Super Cute Mid-Century Oak Desk by Maple Furnishing Co.

New Zealand
W 100cm, D 50cm, H 77cm
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Clean lines and a simple elegance define this characterful New Zealand made desk from the 1950s. The design is enhanced by the vibrant grain of the blonde oak – we love the cute mid-century details like the square handles.


During our time collecting and restoring vintage classic furniture we have come across several designs from Maples and each has the same kind of enduring warmth. These are designs which add character and depth to a modern interior space.


Each piece is checked and carefully hand restored at our Kingsland studio workshop. Our focus is preserving the character and patina of the design while ensuring it displays beautifully in a contemporary interior.

Please note:

Each piece is checked and carefully restored at our Kingsland studio workshop. Our focus is preserving the character and patina of the design while ensuring it displays beautifully in a contemporary interior.

Our Process:
- Joints checked and reglued
- Timber cleaned and stains removed
- Veneer repairs if needed
- Surfaces polished / refinished

The items showcased in our gallery are constantly changing – not all items are on display at once.

Please enquire if there is a specific piece you would like to view and we’ll make sure it’s in the gallery.

Collection / Delivery

All pieces are available for collection in person from our Ponsonby gallery. We are also happy to provide a quote for delivery throughout New Zealand.

Please enquire for delivery options.

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Super Cute Mid-Century Oak Desk by Maple Furnishing Co.

You can call us on 021 672 446
We would love to see you at our gallery: 15 Williamson Ave, Ponsonby, Auckland.

Note: We showcase a curated edit from the Mr. Bigglesworthy catalogue. Please contact us to view specific items.
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Maple Furnishing Co
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Maple Furnishing Co
Maple Furnishing Co
Maple Furnishing Co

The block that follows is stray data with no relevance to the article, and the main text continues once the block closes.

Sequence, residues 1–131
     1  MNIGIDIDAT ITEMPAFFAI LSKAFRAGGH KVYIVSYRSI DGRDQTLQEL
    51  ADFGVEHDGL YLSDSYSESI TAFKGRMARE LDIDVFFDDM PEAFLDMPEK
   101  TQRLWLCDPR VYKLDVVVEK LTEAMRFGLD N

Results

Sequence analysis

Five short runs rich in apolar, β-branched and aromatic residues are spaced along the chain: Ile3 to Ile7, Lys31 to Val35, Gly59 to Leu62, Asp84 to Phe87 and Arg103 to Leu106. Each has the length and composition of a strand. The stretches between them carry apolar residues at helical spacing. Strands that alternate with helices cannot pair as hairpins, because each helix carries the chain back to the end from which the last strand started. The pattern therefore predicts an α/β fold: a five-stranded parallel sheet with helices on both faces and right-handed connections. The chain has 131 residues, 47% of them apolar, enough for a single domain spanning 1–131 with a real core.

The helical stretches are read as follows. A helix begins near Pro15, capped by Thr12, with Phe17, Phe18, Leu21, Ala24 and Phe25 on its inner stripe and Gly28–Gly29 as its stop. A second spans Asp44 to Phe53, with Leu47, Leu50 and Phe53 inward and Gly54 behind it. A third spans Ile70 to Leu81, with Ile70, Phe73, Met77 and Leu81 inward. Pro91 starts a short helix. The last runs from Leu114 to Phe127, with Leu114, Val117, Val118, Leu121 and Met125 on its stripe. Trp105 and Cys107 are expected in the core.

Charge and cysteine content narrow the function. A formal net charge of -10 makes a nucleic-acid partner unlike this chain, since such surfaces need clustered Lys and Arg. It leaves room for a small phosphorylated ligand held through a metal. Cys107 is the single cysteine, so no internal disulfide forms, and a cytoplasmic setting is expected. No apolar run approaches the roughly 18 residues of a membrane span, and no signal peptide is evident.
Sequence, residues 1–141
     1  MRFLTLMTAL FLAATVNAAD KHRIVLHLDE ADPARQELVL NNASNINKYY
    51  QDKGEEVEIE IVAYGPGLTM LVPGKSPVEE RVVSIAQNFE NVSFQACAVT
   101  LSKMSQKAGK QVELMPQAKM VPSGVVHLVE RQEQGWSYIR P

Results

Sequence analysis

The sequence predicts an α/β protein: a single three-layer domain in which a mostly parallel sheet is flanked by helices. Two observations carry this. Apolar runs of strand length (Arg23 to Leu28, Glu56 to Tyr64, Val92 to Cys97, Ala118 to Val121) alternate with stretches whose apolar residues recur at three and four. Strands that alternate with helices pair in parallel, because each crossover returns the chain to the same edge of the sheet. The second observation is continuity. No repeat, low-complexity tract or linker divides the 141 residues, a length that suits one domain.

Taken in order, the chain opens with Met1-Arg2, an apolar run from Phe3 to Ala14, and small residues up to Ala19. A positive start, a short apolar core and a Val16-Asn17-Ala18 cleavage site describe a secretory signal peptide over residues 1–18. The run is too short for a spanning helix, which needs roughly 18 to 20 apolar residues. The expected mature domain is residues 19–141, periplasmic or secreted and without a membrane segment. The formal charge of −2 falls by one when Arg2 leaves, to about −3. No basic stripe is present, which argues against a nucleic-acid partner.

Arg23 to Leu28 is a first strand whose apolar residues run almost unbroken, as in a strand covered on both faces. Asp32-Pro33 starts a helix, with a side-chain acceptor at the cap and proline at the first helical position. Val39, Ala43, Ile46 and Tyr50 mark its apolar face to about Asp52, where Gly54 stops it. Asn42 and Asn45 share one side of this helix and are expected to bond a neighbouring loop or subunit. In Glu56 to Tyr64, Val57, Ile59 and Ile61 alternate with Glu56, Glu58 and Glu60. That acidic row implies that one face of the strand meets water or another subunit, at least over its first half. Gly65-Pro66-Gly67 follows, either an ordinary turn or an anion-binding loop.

New Zealand
1914 - c1970s

Maple Furnishing was founded in Auckland in 1914 and by the 1950s the company had distinguished itself as one of the leading department stores for contemporary furniture. The Maples flagship store was located in upper Karangahape Road on the corner of Symonds St but the post-war boom lead to expansion throughout the country.

In the 1950s the company brought on avant-garde European immigrant architect Henry Kulka to design new retail destinations in the modern international style. This collaboration led to the creation of bold new Maple stores in Hurstmere Rd, Takapuna and Lower-Hutt in Wellington. Kulka's buildings featured generous high stud interiors with dramatic floor to ceiling glass window frontages. It was an exciting step away from the traditional, dark and overstuffed furniture stores that New Zealanders were accustomed to.

While the Maples stores showcased a bold modern direction in architecture, the furniture offered inside catered mostly to the tastes of a conservative audience. At the time, the majority of Kiwi furniture buyers may have been inspired by the modern lifestyles promoted in contemporary home and living magazines but when it came to spending their hard earned dollars they preferred a more conservative, traditional and often colonial style for their lounge.

That didn't stop Maples from showcasing contemporary designs in the latest international styles. The stores would often present inspiring interiors influenced by leading international designers. From the lavish Italian modern style of the 1950s to furniture influenced by Danish Designer Finn Juhl, the store promoted collections that would engage and motivate a local audience to push the boundaries of design in their homes.

A high point in the modern furniture offered by Maples was the inclusion of Australian designer Grant Featherston's celebrated 'Contour' series of the mid 1950s. Featherston's designs were produced locally under license and sold surprisingly well, this was influential in advancing modern alternatives to traditional furniture. The physical lightness of the Featherston designs allowed the Maples storefront designers to easily suspend chairs in mid-air which was a real draw card to the retail windows.

Maples was also actively involved in promoting contemporary design throughout the country. The company would have yearly furniture design shows and also highlight in-house designs at fun public events like the Winter Show. Maples furniture can be seen alongside designs from John Crichton, Imi Porsolt, Michael Brett and Group Architects in the 1952 'Art and Design Exhibition' making a significant contribution to the early design movement in New Zealand.

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